The Dark Side of Social Media; Does the Law Need to do More?
It is an undeniable fact that social media is a huge part of society today; many would go as far to suggest that it has ‘taken over our lives’ and relationships.
Indeed, social media can have a positive function in our society. It provides individuals with a platform to voice their beliefs and opinions, for example, in pursuit of political or social change as evidenced by the recent Black Lives Matter movement. However, with this platform and freedom to voice beliefs online comes the dark side of social media. Recent times have seen a rise in what has been coined as the ‘trolling’ of individuals; and I don’t mean the kind you would find under a bridge… but rather behind a keyboard.
A ‘troll’ refers to an individual who posts an offensive message in desperate need of a reaction. The law currently regulates online abuse and trolling through section 127 of the Communications Act 2003 which makes it an offence if one:
“Sends by means of a public electronic communications network a message… that is grossly offensive or of an indecent, obscene or menacing character”
The Malicious Communications Act 1998 also regulates cyber-bullying. This Act makes it an offence for a person to send:
“A letter, electronic communication or article…which conveys a message which is indecent or grossly offensive, a threat or information which is false… or any article or electronic communication which is…indecent or grossly offensive nature”
Ultimately, any indecent or grossly offensive message posted on social media can constitute a criminal offence. So you’re probably thinking, that’s the issue solved right? If these laws are in place surely they are effective enough to prevent such occurrences? WRONG! In fact, according to anti-bullying charity ditchthelabel, in a survey of 10,000 young people 17% experienced online abuse in 2017, with an additional 26% developing suicidal thoughts as a result. Furthermore, the National Crime Prevention found that 43% of teens had been subject to online abuse in the past year.
The issue of trolling has been especially worsened through the emergence of so called ‘influencers’ from reality shows such as Love Island. For these individuals, trolling has been so prominent that it has led to significant mental health issues and suicides. To date, the show has recorded three suicides, including contestants Sophie Grandon and Mike Thalassiti, since it aired in 2015. These deaths were both linked to online trolling.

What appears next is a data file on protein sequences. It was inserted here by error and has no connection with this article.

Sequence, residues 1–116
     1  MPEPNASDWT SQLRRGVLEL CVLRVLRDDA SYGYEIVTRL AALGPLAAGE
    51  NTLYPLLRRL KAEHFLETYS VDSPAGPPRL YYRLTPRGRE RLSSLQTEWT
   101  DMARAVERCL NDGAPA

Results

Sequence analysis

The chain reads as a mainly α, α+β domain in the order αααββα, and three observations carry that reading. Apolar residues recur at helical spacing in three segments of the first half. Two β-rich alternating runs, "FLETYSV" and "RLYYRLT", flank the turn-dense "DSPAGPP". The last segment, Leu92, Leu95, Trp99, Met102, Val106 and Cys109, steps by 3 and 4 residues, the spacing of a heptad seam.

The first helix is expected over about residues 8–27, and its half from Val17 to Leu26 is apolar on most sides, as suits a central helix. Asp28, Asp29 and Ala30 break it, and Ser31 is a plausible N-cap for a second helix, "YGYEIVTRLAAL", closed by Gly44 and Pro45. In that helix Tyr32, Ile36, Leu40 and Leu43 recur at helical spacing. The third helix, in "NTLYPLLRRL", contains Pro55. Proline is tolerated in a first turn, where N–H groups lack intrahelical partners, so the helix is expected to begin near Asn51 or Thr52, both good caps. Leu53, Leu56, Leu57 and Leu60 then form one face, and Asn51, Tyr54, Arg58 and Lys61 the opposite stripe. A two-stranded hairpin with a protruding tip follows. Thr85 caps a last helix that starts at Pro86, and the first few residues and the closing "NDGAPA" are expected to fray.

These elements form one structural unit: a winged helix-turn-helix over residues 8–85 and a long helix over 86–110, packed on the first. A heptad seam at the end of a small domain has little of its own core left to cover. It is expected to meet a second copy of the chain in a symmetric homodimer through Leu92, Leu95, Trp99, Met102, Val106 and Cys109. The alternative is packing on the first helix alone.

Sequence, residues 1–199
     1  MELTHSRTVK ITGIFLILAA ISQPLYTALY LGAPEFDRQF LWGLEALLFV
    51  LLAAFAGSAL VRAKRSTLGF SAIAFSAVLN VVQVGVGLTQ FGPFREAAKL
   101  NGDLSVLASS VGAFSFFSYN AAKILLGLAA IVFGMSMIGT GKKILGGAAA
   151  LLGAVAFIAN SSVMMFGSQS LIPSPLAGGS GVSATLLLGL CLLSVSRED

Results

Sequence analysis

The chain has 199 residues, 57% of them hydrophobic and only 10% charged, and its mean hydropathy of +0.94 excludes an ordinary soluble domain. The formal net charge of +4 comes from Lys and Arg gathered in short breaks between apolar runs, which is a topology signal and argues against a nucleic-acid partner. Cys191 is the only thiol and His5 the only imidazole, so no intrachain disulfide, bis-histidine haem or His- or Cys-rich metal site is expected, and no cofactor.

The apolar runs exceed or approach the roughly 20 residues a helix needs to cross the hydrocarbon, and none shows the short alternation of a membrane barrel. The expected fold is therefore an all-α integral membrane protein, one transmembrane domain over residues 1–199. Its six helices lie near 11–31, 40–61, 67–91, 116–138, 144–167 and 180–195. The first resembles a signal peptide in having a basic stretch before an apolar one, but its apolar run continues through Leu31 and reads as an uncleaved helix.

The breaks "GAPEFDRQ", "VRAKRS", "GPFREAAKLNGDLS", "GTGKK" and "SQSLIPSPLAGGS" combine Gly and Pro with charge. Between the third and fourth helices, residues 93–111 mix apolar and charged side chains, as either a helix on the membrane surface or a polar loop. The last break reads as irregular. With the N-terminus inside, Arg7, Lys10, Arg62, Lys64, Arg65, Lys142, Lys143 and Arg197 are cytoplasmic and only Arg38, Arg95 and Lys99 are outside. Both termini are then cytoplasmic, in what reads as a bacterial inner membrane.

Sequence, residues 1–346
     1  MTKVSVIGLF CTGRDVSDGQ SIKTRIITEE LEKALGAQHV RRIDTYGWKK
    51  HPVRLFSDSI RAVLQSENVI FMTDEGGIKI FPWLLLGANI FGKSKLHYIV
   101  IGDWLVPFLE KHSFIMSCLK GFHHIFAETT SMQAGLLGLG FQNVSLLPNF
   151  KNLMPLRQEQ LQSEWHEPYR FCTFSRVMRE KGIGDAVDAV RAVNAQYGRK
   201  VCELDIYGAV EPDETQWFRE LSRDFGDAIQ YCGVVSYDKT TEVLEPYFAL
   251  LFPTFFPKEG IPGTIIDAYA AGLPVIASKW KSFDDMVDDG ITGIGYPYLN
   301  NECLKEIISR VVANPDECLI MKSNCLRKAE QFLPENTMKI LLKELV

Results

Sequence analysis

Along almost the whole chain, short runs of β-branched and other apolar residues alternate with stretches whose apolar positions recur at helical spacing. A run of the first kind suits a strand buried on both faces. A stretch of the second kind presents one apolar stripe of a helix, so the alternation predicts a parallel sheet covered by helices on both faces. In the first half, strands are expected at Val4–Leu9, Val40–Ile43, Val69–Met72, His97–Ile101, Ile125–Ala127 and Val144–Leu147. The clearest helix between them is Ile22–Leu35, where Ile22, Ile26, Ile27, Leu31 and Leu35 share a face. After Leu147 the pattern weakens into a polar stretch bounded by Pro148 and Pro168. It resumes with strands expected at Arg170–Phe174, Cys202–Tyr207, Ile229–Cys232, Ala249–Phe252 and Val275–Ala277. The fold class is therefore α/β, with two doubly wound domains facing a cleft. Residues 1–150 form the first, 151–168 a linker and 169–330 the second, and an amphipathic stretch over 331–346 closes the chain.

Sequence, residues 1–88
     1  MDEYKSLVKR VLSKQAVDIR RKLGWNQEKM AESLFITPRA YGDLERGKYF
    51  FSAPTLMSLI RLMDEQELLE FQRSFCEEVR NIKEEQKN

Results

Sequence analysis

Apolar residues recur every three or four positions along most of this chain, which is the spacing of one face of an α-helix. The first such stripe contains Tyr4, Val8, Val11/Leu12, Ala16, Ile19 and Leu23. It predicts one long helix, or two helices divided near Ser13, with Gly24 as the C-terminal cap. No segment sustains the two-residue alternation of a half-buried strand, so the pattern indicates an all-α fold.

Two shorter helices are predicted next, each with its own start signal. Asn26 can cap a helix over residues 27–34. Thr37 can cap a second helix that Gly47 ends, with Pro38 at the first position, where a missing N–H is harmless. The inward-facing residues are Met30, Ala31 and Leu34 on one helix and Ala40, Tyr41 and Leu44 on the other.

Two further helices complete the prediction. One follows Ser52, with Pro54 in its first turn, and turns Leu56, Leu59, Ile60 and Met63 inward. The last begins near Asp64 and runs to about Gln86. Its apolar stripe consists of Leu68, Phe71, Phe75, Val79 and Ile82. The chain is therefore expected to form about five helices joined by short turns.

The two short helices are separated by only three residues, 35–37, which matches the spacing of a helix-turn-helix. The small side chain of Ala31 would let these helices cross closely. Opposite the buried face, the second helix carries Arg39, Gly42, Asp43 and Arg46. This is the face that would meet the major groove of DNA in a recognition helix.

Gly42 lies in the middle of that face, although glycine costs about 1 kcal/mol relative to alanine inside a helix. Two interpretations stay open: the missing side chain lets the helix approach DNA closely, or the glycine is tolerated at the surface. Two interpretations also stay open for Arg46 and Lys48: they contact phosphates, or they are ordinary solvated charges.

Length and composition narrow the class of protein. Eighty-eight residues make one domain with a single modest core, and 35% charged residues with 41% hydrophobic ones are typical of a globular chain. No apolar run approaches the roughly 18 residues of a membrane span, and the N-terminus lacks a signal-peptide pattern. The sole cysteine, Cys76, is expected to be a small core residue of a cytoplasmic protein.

More recently, Love Island presenter Caroline Flack took her own life due to unbearable cyber abuse. After facing a domestic abuse charge, Flack faced considerable online abuse, and urged social media users in a post to ‘Be Kind’ when utilising the platforms. Sadly, this was not adhered to and she subsequently took her own life on the 15th of February 2020.
These shocking statistics and suicides beg the question as to whether the current laws do enough to combat and regulate online abuse and trolling. Indeed, various celebrities have spoken out about the need for the law to impose tighter regulations on social media platforms. For example, love island star Rosie Williams spoke of an incident in which the social media platform Instagram refused to remove an abusive comment on her post despite her reporting it. She urges the government to do more to hold social media sites to account due to the negative impact such comments have had on her mental health, such as increasing her self-consciousness and anxieties.
Therefore, recent statistics, suicides and flimsy regulations imposed on social media platforms make clear that the current law needs to do more to deter online abuse. This begs the question…what is the way forward? It has been suggested that the law should impose liability on social networking sites, with the aim of encouraging them to take more initiative to regulate cyber-bullying. Moreover, some have proposed categorising trolling as a specific offence in order to more easily hold perpetrators to account. Further suggestive ideas include defining the loose term ‘grossly offensive’ more specifically to raise awareness of online behaviour which is acceptable and that which is not.
Although the future of the law in this area is uncertain, what is clear is that the current law needs to DO MORE. Where do you think the law should go?